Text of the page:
Ryanair’s mould-breaking strategy pays dividends

By Angus McCrone, The CA Magazine

7 February 2019

There is only one thing in the world worse than being talked about, and that is not being talked about. However, that Oscar Wilde quote, from The Picture of Dorian Gray, is not one that should worry investors in Ryanair, and its high-flying dividend policy.

Air travellers usually have plenty of things to say about their experiences with the airline that sports the motto “Low Fares. Made Simple.” As if that was not enough, the outspoken remarks of its Chief Executive, Michael O’Leary, will always keep tongues wagging.

Here are a couple of my favourite examples:

  • “Our booking engine is full of passengers who have sworn they will never fly with us again.”
  • “Are we going to say sorry for our lack of customer service? Absolutely not.”

Since its humble beginnings in the mid-1980s with a solitary Embraer 15-seater flying between Waterford and Gatwick Airport, Ryanair has had a big impact on air travellers – via rock-bottom fares and no-frills service – and on the airline industry.

It has done so by, among other things, “dynamic pricing”; single-minded standardisation on short-haul routes; and through the use of one aeroplane model, in the last 20 years the Boeing 737–800, fully owned rather than leased.

One thing that marks out Ryanair as unusual is its dividend policy. It has no regular payout, so boasts no dividend yield to provide a part of its share price, instead delivering a return to shareholders via buyback programs and occasional, large special dividends.

Less conspicuously, it also provides food for thought – without extra charges – for corporate finance and the City. Even though its shares slipped by nearly a half between a peak in August 2017 and the start of this year, they were still up 15-fold since 1999 and three-and-a-half-fold since 2011. That gave Ryanair a market capitalisation of €12bn at the turn of this year.

One thing that marks out Ryanair as unusual for a leading listed company in the British Isles is its dividend policy. It has no regular payout, so boasts no dividend yield to provide part of the underpinning for its share price.

Instead, it delivers a return to shareholders via a mixture of heavy buyback programmes (totalling €800m in 2017/18 alone) and occasional, large special dividends, the last one of which was nearly four years ago.

Then there is the degree of reliance on Michael himself. He is the only executive on the 12-strong board, most of the 11 non-executives being prominent members of the Irish business community. The rest of the “executive officers”, including its Chief Financial Officer and Chief Operating Officer, do not sit on the board.

According to the 2018 annual report, “the company determines and presents operating segments based on the information that internally is provided to Michael O’Leary, CEO, who is the company’s chief operating decision maker.”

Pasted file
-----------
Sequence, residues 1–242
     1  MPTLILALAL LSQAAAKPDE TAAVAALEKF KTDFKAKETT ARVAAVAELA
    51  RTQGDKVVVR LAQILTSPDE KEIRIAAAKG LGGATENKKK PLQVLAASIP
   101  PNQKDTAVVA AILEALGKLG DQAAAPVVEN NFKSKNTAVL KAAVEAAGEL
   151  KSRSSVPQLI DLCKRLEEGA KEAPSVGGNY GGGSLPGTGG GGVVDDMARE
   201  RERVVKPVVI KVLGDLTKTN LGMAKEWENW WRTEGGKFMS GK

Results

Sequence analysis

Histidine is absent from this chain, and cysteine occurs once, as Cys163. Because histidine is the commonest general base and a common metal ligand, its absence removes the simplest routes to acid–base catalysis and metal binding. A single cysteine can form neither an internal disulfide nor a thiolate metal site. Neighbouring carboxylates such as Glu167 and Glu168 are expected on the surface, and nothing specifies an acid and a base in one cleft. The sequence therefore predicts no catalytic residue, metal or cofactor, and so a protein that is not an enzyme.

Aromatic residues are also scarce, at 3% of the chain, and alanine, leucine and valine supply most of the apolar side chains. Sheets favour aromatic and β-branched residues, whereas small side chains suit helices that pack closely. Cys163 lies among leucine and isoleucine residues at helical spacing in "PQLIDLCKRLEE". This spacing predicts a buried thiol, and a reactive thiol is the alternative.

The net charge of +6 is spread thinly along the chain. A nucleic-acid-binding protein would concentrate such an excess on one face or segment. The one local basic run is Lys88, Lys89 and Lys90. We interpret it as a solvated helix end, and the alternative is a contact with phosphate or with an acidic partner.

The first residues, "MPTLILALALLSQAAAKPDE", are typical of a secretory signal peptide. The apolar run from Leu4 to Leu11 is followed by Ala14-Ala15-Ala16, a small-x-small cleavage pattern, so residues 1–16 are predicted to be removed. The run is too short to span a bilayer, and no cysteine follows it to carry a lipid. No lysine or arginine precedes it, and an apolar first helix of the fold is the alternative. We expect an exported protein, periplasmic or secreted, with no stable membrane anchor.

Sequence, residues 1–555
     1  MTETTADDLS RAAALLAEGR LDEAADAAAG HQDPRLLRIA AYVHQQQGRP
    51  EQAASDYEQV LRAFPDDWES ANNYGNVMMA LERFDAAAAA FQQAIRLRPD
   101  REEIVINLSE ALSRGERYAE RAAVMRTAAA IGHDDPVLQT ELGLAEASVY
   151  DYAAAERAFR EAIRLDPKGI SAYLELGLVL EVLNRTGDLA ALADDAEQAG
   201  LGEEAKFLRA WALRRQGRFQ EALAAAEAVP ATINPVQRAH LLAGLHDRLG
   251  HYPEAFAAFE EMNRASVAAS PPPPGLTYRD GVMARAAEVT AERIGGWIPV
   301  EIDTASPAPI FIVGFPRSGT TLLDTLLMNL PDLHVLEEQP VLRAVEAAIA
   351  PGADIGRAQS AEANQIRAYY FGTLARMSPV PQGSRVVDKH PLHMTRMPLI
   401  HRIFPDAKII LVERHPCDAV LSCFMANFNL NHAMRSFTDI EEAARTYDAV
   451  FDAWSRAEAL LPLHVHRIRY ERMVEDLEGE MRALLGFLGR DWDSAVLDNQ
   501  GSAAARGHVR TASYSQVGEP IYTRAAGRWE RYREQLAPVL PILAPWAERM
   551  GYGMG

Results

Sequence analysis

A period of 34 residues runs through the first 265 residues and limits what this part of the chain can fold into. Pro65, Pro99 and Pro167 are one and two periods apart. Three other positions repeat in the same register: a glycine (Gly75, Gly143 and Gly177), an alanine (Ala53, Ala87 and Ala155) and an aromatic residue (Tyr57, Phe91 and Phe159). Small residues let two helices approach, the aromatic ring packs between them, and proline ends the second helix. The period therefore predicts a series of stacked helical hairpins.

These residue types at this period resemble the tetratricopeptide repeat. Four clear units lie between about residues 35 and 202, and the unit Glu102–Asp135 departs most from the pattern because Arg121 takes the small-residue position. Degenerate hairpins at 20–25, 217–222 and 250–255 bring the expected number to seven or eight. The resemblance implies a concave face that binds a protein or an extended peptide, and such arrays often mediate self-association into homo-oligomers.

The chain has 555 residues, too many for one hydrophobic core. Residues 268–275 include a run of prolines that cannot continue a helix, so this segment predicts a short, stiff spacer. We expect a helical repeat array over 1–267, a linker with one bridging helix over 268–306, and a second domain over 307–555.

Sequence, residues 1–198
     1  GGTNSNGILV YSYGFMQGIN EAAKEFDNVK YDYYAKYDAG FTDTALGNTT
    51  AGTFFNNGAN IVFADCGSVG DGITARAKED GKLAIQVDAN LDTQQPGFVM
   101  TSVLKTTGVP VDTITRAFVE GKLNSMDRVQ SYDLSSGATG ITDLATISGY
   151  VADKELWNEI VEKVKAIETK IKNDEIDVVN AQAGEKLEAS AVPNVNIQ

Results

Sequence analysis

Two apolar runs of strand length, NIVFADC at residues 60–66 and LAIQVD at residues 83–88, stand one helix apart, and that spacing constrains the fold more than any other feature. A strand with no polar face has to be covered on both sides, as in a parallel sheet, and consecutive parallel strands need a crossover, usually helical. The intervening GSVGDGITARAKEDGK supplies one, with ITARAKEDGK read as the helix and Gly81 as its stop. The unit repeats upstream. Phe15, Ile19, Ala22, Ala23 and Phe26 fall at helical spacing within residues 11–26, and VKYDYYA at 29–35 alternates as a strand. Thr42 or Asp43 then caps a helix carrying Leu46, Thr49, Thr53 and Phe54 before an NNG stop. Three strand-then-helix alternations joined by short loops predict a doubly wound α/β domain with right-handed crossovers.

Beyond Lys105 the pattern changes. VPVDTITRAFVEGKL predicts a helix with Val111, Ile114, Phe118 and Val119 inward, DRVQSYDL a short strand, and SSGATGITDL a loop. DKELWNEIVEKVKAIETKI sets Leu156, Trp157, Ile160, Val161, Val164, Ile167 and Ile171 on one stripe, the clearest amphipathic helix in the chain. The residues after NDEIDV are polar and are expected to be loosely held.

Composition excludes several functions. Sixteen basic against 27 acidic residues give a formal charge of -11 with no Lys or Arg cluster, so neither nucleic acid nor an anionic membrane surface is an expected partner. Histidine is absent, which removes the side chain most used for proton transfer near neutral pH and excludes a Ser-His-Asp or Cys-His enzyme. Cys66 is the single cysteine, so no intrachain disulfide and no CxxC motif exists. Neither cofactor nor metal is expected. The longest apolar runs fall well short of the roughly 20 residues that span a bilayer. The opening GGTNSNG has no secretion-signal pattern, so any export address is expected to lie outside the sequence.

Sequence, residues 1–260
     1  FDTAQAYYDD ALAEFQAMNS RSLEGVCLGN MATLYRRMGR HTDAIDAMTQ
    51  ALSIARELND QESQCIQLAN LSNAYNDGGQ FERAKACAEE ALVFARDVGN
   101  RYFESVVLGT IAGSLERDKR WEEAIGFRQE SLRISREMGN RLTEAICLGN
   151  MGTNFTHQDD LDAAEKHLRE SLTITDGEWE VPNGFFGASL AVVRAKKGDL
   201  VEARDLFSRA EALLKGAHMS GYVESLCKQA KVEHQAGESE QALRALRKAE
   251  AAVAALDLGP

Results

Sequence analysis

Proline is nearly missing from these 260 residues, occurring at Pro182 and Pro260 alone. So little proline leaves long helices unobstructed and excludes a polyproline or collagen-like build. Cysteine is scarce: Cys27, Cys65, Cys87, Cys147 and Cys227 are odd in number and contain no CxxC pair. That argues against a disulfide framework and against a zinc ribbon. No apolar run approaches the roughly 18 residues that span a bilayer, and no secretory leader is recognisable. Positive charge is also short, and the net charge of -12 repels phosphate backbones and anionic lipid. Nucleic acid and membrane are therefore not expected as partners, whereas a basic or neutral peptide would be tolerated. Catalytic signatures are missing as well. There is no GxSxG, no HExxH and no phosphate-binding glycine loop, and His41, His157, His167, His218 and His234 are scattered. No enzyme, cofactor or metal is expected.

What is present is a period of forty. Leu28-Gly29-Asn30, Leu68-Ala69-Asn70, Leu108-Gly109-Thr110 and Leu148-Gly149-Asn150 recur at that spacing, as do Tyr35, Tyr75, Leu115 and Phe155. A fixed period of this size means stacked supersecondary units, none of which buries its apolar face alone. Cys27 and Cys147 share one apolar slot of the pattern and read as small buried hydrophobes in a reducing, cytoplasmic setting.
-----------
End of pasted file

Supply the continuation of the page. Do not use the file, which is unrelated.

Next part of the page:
A final distinguishing feature of Ryanair compared with many other large quoted companies in the City has been its willingness to nail its colours to the mast on Brexit.

There is also the benefit that a low tax rate provides. The company says most of its profits are subject to Irish corporate tax at 12.5%. In fact, in fiscal year 2017/18, the actual tax rate on its profits was just 10%.

That enables Ryanair to plough tens of millions of euros a year extra back into capital spending, mainly the purchase of new aircraft. This is money that would otherwise go to the state in a jurisdiction with a higher corporation tax rate.

Arguably, Ryanair is also an interesting case study of a business that makes its money on extras, rather than on its core activity. In 2017/18, it had an average booked passenger fare of €39.40, but a cost per booked passenger of €42.08.

Yet it reported an operating margin of 23%. The explanation is that it also made “ancillary revenues” of €15.48 per booked passenger, including reserved seating, priority boarding, car hire, travel insurance and hotels.

A few days before the 2016 referendum, Michael appeared on a TV interview dressed in a suit that was one half Union Jack and one half European Union flag.

A final distinguishing feature of Ryanair compared with many other large quoted companies in the City has been its willingness to nail its colours to the mast on Brexit.

A few days before the 2016 referendum, Michael appeared on a TV interview dressed in a suit that was one half Union Jack and one half European Union flag.

More recently, it has been tough-talking on what might happen were the UK to crash out of the EU with no deal on 29 March. Its annual report states that, in this eventuality, “…it is likely that the company’s UK shareholders will be treated as non-EU and this could potentially affect Ryanair’s licensing and flight rights. Accordingly, in line with the company’s Articles of Association, Ryanair may restrict the voting rights of all non-EU shareholders.”

Topics

  • CA Magazine
  • Business
  • Brexit

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